• NVIDIA Grid vGPU support.
  • ESXi 6.0 can out of the box installed on  all Mac Mini platforms starting from 5,1 and newer as well as Mac Pro 6,1 platform and newer. More info on VirtualGhetto.com Mind the Apple platform is not supported by VMware.
  • VMware Tools includes a “freeze/thaw” mechanism for quiescing certain Linux distributions at the file system level for improved recovery reliability. See vSphere documentation for specifics on supported Linux distributions.

enhanced features

  • Fault Tolerance support for 4 vCPU’s. According to a breakout session at VMworld 2014 US Fault Tolerance has been rewritten from the groud up. Info here
  • vMotion enhancements
  • better Microsoft clustering support. More info in this post of Cormac Hogan
  • hot-add RAM now vNUMA aware
  • WDDM 1.1 GDI acceleration features

Networking

  • not many changes in the networking. Network IO Control is now at version 3. After upgrading to vSphere 6 NIOC needs to be upgrade seperately. You can now set a guaranteed bandwidth. This is usefull for service providers which want to deliver a Quality of Service on the network bandwidth. It is a reserveration which means one set thereserved amount of  bandwidth is taken away from the total available bandwidth even when not used. Can be applied at the vNIC as well as at the Distributed Port Group level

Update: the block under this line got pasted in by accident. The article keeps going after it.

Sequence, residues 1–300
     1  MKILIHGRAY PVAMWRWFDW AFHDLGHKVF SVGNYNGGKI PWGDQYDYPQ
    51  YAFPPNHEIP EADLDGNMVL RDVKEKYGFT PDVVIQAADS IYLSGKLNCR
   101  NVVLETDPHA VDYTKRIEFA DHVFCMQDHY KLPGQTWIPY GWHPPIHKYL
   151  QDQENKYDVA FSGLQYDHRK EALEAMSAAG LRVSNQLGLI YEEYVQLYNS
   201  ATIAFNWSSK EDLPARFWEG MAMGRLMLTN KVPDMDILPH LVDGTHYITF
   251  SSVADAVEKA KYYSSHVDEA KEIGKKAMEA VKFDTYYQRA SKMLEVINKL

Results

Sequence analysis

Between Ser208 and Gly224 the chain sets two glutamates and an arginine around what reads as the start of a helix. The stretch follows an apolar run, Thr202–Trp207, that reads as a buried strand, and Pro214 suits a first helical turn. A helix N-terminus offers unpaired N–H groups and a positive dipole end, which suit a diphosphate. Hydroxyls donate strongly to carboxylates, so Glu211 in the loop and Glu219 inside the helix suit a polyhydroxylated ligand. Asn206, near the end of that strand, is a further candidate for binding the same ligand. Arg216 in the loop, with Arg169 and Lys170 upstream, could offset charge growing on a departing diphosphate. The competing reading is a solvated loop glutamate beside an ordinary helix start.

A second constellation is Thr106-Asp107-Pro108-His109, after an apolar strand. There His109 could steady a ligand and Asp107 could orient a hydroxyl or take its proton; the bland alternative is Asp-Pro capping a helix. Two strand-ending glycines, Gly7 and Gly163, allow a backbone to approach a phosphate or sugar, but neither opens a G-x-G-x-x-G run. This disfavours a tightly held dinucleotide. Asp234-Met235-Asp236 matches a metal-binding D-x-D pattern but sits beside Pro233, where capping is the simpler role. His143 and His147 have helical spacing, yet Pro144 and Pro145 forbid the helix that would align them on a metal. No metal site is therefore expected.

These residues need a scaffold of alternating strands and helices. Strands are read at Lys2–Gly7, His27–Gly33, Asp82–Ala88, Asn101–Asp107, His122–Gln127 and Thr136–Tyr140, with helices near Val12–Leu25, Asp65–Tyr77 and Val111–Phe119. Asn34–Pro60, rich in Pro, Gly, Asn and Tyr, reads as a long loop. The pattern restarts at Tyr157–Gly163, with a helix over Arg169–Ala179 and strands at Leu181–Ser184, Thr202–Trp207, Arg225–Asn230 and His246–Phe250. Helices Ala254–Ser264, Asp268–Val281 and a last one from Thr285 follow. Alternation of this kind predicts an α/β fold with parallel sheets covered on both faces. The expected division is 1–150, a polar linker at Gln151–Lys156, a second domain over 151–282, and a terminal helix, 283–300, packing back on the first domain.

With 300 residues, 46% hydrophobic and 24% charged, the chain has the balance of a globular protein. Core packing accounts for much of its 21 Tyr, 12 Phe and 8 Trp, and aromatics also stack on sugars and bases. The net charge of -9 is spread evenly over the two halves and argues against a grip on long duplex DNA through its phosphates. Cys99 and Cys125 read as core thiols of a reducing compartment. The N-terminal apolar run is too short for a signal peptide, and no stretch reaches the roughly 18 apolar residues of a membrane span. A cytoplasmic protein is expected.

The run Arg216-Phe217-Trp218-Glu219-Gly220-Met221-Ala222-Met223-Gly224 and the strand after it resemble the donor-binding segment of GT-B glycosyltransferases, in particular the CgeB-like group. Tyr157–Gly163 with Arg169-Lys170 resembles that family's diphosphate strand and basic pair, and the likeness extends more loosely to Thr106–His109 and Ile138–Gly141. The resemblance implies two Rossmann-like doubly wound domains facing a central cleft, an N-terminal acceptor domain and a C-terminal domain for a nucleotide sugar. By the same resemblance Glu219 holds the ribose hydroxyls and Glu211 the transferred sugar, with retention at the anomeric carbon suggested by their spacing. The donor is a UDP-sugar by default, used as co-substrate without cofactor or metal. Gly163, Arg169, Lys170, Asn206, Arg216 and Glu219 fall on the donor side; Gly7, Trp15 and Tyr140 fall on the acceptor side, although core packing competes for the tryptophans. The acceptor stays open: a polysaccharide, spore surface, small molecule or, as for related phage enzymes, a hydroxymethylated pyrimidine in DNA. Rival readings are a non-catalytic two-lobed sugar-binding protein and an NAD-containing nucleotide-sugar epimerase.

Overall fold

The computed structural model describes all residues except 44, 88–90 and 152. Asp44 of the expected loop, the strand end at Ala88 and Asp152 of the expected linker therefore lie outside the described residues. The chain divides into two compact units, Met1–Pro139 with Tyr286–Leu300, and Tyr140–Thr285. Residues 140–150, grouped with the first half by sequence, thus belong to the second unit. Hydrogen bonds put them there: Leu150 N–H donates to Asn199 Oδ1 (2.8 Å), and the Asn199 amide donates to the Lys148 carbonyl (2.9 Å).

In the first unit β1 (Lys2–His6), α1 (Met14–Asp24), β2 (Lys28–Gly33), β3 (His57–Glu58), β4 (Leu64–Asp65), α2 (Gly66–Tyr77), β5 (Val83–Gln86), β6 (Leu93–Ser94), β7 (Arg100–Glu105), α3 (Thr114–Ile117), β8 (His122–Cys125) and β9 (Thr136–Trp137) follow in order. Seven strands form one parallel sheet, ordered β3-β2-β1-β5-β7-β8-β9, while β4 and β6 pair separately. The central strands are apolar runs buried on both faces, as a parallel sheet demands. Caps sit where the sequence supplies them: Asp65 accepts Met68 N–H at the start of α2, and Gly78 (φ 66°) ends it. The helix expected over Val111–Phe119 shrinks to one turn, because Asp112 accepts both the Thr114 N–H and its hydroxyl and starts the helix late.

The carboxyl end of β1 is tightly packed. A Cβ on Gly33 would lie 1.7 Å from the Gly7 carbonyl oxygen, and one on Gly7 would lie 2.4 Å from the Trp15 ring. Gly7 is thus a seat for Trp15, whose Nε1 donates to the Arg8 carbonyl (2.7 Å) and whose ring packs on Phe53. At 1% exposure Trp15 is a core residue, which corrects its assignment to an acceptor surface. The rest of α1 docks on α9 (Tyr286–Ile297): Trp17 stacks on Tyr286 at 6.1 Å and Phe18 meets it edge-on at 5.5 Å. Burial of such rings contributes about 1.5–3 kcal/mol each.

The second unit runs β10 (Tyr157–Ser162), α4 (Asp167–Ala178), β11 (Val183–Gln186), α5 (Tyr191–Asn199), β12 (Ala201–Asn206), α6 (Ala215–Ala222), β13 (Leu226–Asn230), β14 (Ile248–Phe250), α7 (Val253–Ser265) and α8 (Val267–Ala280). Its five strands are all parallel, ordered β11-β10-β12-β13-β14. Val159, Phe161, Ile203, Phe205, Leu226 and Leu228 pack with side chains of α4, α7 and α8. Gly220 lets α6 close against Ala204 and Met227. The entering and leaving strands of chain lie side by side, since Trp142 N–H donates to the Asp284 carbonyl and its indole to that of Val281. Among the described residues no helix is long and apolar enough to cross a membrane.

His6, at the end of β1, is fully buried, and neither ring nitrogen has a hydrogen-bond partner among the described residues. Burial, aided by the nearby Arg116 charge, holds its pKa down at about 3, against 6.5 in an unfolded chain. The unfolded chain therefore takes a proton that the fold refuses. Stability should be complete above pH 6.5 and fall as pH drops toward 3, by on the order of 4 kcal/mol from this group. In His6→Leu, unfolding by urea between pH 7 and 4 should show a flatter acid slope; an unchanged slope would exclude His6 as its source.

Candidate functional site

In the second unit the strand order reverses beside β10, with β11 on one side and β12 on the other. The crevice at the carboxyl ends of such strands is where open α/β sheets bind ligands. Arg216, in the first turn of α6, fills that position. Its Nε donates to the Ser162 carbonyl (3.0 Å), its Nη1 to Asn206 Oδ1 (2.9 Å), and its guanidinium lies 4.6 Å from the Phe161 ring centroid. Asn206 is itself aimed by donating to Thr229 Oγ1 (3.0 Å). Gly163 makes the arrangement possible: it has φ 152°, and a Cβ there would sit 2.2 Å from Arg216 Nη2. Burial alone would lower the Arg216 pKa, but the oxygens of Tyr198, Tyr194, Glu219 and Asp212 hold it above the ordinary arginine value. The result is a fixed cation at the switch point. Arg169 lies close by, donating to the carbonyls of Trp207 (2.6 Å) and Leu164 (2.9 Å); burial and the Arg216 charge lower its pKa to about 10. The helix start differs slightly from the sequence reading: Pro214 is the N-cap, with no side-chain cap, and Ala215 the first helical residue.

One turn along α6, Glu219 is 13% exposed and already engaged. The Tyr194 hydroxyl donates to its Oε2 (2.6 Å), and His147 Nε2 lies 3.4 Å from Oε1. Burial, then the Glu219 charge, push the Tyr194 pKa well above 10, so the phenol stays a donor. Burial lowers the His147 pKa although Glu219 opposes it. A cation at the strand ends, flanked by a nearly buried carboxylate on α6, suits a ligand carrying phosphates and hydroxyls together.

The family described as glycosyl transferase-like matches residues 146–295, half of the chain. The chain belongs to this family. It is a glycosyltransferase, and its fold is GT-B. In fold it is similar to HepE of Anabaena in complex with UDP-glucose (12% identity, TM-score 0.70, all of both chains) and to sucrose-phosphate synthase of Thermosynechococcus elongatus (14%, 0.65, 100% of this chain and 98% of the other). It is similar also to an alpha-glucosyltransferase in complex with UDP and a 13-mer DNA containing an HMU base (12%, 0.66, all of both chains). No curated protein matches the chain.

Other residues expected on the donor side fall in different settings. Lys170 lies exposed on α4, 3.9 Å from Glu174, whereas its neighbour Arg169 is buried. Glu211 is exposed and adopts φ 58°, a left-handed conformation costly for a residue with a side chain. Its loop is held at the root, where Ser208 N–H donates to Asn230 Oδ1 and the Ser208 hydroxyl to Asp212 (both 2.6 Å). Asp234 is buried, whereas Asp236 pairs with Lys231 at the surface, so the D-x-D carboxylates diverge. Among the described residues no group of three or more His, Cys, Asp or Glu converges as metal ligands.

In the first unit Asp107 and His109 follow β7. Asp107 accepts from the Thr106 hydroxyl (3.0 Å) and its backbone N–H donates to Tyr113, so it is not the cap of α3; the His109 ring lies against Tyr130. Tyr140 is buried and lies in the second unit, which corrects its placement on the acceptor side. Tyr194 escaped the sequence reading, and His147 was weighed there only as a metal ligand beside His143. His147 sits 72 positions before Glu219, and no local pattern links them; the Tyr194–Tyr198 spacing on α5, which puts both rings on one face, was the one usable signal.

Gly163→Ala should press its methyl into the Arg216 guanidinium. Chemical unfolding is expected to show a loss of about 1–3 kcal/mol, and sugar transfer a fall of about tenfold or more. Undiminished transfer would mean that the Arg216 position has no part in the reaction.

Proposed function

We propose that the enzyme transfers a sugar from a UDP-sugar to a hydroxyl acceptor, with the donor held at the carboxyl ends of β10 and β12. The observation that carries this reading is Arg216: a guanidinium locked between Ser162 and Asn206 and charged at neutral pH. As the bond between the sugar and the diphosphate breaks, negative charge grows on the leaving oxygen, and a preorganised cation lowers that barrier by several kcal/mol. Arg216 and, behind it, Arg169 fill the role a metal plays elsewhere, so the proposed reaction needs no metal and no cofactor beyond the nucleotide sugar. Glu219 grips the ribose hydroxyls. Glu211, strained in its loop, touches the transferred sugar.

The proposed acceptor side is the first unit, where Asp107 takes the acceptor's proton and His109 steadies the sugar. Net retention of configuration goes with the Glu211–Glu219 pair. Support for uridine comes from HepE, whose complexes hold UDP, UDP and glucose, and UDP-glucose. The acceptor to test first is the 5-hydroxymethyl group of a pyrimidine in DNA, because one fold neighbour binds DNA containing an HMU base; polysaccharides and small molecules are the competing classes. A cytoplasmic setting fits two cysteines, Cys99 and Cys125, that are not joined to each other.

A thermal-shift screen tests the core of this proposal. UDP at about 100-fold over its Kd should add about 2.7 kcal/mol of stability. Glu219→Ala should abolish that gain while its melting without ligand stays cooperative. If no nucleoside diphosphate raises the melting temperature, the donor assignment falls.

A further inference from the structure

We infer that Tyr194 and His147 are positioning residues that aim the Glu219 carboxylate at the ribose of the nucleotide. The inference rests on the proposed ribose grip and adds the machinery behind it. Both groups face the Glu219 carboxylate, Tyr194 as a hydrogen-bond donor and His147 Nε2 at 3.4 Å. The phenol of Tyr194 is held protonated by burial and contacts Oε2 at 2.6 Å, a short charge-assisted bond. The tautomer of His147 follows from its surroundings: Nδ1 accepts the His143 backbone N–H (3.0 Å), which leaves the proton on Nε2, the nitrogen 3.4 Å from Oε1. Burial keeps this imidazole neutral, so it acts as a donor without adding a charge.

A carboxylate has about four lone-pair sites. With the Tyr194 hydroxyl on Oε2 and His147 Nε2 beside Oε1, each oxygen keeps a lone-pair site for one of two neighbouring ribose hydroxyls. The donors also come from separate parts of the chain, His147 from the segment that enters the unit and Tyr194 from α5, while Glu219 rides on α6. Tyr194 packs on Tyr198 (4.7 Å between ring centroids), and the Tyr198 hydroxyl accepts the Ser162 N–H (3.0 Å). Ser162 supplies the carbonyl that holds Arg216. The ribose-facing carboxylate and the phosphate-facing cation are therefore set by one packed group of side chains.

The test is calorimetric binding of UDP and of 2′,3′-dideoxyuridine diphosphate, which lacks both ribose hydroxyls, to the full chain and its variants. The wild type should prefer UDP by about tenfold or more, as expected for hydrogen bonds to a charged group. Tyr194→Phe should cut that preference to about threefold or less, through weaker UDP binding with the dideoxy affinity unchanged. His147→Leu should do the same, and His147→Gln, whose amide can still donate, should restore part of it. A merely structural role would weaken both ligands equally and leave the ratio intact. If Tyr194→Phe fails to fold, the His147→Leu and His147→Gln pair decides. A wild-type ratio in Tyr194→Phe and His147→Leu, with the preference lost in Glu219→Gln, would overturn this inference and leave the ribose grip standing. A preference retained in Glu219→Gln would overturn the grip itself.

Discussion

• VMware stopped selling and supporting the Cisco Nexus 1000V virtual switch (source). Cisco will continue to support and sell the switch.

vSphere Replication 

  • With VR 6.0, VR traffic can be isolated from other vSphere host traffic.
  • Compression can be enabled when configuring replication for a VM. It is disabled by default.
  • Updates are compressed at source (vSphere host) and stay compressed until written to storage. This does cost some CPU cycles on source host (compress) and target storage host (decompress).
  • Uses FastLZ compression libraries. Fast LZ provides a nice balance between performance, compression, and limited overhead (CPU).
  • Typical compression ratio is 1.7 to 1

VMware VM Component Protection (VMCP)

This is a new feature which will allow an automated response to All Path Down (APD or Permanent Device Loss (PDL) situations. APD can be fiber channel controller failure for example or a switch misconfiguration. An example of a PDL situation is when a host is removed from the storage array access control list so the host does not have access to the storag array. The response tp a PDL or APD can be set. Either to a restart  on a healthy host, reset or terminate the VM